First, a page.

In situations where the molecule can either be in a conjugated system or avoid allylic strain, it has been shown that the molecule's major form will be the one that avoids strain. This has been found via the cyclization in the figure below.[12] Under treatment of perchloric acid, molecule A cyclizes into the conjugated system show in molecule B. However, the molecule will rearrange (due to allylic strain) into molecule C, causing molecule C to be the major species. Thus, the magnitude of destabilization via the allyic strain outweighs the stabilization caused by the conjugated system.[2]

Acidic conditions

In cases where an enolization is occurring around an allylic group (usually as part of a cyclic system), A1,3 strain can cause the reaction to be nearly impossible. In these situations, acid treatment would normally cause the alkene to become protonated, moving the double bond to the carboxylic group, changing it to a hydroxy group. The resulting allylic strain between the alcohol and the other group involved in the allylic system is so great that the reaction can not occur under normal thermodynamic conditions.[13] This same enolization occurs much more rapidly under basic conditions, as the carboxylic group is retained in the transition state and allows the molecule to adopt a conformation that does not cause allylic strain.[13]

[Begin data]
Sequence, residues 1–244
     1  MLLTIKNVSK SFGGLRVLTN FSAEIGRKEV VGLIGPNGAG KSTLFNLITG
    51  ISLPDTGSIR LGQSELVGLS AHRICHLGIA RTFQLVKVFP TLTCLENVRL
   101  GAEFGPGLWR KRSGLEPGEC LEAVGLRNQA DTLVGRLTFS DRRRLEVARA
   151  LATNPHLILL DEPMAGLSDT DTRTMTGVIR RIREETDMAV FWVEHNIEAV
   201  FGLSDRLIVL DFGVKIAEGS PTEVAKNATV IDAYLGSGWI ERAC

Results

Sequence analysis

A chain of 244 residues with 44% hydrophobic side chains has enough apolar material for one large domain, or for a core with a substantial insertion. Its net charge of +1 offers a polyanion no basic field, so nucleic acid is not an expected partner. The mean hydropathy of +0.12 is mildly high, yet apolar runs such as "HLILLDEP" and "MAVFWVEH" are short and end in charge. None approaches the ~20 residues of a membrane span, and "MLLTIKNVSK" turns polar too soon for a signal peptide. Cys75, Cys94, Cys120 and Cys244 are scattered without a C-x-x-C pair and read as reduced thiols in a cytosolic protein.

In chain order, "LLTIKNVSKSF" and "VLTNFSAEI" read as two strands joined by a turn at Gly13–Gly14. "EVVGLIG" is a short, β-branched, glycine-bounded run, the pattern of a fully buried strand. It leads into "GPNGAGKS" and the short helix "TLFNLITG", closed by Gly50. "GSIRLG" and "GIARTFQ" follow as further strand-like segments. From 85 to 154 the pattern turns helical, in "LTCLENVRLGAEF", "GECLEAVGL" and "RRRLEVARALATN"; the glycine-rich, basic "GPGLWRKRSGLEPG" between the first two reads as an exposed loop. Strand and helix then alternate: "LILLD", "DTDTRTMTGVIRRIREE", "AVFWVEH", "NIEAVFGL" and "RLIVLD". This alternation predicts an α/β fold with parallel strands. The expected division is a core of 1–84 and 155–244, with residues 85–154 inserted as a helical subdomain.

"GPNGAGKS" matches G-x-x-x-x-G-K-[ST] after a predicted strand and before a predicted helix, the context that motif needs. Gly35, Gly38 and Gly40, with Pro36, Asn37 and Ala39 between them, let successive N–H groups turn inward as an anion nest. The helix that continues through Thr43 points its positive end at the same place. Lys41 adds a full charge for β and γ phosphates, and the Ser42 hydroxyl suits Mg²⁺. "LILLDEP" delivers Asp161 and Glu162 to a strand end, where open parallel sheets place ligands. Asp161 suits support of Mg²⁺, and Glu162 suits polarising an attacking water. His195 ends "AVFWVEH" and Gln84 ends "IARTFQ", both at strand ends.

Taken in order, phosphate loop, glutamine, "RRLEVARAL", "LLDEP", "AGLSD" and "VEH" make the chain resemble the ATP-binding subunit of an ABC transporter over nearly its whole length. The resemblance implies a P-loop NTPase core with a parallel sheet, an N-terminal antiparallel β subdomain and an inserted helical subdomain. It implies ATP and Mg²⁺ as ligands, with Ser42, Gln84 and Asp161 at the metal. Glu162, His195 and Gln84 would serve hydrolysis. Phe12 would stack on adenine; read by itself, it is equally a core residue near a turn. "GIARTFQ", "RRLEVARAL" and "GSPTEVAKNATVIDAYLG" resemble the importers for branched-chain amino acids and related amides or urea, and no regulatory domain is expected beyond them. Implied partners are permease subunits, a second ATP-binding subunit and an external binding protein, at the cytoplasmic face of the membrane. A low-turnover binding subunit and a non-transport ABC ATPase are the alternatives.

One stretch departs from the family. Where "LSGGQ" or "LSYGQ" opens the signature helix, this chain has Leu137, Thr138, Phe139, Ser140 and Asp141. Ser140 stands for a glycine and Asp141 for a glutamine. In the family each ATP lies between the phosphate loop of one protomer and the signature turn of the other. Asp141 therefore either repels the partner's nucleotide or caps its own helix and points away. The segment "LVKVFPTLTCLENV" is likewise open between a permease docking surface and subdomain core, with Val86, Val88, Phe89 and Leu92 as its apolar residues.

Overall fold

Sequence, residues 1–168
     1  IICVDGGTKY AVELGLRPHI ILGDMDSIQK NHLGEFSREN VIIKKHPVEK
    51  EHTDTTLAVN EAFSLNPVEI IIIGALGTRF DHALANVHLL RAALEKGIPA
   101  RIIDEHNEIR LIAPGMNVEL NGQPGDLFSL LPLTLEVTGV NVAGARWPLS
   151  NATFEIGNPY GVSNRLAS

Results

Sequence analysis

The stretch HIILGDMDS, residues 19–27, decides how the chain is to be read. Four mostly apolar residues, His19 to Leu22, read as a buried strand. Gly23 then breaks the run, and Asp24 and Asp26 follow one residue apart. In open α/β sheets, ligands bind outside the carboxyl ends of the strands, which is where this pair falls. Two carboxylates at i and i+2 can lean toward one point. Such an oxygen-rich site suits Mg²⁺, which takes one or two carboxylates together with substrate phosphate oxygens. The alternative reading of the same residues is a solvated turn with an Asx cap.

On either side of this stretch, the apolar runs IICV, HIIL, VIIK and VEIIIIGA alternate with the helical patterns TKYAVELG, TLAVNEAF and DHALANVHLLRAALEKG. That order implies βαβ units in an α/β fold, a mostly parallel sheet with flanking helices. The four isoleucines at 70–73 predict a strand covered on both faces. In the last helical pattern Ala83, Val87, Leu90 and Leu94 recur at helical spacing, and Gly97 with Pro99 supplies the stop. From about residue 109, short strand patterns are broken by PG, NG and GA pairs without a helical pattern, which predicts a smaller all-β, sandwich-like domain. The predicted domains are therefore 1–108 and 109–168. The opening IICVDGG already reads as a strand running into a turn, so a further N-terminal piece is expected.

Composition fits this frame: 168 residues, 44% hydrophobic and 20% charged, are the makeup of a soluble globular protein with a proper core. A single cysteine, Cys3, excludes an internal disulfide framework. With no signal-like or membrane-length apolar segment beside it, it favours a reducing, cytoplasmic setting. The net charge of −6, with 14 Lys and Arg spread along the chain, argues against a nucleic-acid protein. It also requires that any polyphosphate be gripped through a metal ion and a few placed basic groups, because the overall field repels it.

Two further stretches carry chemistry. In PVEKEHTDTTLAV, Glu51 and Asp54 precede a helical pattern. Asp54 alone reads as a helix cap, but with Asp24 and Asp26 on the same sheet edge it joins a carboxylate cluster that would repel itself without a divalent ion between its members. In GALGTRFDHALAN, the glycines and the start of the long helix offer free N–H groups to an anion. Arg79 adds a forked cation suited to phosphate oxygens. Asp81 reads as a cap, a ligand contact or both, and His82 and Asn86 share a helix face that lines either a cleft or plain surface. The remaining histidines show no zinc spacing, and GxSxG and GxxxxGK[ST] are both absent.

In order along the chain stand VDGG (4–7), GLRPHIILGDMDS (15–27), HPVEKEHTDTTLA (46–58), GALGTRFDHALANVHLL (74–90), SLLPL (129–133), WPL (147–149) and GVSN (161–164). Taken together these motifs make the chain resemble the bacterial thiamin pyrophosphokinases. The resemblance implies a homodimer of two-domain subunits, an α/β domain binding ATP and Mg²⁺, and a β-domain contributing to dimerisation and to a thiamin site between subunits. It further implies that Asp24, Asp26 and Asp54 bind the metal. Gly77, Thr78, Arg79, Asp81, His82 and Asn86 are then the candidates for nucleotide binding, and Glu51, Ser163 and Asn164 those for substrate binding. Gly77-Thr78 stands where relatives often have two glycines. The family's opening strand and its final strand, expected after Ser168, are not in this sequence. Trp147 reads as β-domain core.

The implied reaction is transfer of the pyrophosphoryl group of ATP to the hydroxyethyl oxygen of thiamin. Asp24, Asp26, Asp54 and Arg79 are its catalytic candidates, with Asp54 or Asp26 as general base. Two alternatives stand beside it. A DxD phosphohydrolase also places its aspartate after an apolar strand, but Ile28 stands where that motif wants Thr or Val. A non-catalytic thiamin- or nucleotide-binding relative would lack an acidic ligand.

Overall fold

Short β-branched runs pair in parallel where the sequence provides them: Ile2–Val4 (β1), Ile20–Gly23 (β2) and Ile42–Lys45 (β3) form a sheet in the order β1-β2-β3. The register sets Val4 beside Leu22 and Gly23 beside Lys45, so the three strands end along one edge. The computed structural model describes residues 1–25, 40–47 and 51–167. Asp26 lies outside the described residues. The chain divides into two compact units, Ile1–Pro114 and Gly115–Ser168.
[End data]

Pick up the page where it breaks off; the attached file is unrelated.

Application of allylic strain in organic reactions and total synthesis

Origin of stereoselectivity of organic reactions from allylic strain